The F-106 began development as an improved version of the F-102 Delta Dagger all-weather interceptor. Originally known as the F-102B, extensive structural and system changes resulted in the aircraft being redesignated as an F-106. . The delta wing remained substantially unchanged, but the fuselage was modified to accommodate more powerful Pratt & Whitney J-75 turbojet. Engine intakes were re-located behind the cockpit and were variable for optimum engine performance at all speeds. The cockpit was moved forward relatively, and the shape of the fin and rudder changed. A new undercarriage was fitted, with steerable twin nose wheels. First flight was December 26, 1956, and delivery began to Air Defense Command units in July 1959. The F-106 attained initial operational capability with ADC in October 1959. The F-106 remained the mainstay of the U. S.'s air defense until 1988 when the last Delta Darts were withdrawn from service.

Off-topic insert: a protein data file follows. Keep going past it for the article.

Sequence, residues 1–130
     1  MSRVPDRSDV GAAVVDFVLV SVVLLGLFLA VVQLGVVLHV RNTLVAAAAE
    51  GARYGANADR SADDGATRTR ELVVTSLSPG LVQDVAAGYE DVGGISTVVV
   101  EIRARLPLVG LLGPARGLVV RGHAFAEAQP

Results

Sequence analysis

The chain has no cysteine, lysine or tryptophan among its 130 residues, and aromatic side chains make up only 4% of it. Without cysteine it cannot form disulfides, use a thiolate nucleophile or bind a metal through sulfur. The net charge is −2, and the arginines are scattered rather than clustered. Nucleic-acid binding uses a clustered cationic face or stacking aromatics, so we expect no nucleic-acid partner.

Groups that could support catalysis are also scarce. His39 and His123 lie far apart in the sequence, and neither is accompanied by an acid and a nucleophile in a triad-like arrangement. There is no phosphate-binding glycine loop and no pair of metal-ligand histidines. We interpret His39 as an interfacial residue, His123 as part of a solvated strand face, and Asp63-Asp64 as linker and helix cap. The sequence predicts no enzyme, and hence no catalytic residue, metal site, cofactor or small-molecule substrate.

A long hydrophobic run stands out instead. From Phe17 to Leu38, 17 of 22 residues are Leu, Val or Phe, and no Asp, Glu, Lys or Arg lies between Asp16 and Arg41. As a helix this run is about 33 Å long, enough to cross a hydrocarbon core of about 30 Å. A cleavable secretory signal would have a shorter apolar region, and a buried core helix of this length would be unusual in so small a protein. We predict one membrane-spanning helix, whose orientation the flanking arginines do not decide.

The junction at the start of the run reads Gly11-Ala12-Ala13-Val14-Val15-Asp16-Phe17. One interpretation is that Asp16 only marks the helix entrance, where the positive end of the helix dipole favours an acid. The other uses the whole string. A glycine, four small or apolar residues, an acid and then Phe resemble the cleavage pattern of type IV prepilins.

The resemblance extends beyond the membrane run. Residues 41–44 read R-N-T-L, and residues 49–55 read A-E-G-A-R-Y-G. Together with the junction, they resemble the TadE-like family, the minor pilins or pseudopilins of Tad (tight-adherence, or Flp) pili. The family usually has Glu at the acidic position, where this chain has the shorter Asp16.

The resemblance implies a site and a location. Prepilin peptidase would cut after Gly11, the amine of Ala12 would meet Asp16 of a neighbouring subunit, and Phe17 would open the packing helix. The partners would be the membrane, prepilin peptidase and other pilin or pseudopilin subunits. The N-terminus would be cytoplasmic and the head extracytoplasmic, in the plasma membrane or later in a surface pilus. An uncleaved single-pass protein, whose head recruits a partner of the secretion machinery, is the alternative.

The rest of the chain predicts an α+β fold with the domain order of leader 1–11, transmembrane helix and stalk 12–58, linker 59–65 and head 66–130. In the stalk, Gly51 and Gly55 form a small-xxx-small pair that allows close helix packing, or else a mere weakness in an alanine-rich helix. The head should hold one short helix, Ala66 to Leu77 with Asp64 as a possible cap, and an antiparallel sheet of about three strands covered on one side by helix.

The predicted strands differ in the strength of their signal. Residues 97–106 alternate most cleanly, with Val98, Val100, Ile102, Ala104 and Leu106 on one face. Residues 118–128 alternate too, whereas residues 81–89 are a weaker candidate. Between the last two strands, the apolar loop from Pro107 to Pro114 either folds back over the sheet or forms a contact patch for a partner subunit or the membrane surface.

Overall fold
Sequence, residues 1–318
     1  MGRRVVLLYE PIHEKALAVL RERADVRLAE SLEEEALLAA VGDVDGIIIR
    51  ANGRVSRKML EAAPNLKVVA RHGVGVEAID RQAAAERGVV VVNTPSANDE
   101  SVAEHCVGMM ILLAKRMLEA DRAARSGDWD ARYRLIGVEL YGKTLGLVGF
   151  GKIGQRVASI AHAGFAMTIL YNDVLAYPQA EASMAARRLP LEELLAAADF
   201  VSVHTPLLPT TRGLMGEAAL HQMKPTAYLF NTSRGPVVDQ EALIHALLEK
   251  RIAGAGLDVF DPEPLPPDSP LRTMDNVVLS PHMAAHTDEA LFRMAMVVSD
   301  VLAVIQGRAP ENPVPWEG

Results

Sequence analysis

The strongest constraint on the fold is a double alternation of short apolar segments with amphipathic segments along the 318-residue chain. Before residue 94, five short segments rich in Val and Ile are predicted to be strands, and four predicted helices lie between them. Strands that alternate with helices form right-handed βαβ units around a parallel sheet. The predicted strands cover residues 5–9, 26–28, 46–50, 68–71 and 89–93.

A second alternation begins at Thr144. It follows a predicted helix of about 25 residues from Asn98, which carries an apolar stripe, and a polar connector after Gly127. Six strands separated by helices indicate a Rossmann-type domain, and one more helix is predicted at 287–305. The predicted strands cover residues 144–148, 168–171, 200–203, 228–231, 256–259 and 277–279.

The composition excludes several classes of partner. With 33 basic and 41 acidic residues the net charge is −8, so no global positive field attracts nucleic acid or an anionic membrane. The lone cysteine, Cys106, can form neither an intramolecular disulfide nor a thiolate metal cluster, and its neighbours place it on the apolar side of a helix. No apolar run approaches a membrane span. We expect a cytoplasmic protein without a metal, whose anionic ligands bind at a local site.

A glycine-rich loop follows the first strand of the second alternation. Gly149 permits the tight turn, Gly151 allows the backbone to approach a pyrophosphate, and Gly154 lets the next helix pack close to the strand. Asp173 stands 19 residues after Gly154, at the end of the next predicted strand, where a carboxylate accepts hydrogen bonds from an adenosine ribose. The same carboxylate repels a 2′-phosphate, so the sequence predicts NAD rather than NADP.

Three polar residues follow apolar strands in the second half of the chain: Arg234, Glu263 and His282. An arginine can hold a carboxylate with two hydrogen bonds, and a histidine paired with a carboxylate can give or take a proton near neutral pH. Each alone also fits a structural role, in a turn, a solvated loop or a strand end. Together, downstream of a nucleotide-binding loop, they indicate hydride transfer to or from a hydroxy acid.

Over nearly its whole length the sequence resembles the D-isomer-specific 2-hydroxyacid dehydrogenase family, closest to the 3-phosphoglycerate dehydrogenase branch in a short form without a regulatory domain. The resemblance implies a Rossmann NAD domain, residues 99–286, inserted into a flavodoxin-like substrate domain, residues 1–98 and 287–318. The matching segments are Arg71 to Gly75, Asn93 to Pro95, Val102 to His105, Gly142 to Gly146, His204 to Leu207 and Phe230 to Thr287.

The F-106 was fitted with the sophisticated Hughes MA-1 electronic and fire control system and worked in conjunction with the SAGE (Semi-Automatic Ground Environment) defense system. The MA-1 took over control of the plane shortly after takeoff and guided it to the proper altitude and attack position. The system would then lock on and fire the F-106 weapons at the intruder aircraft, and return the plane to the vicinity of its air base, where the pilot took over control for landing.
|Wing Span||38 feet, 3.5 inches|
|Length||70 feet, 8.75 inches|
|Height||20 feet, 3.5 inches|
|Weight||35,000 lbs. maximum|
|Armament||One Douglas AIR-2A Genie rocket with nuclear warhead, plus four AIM-4 Falcon missiles|
|Engine||One Pratt & Whitney J75-P-17 engine with 24,500 lbs. of thrust, with afterburner|
|Maximum speed||1,525 mph|
|Cruising speed||650 mph|
|Service Ceiling||53,000 feet|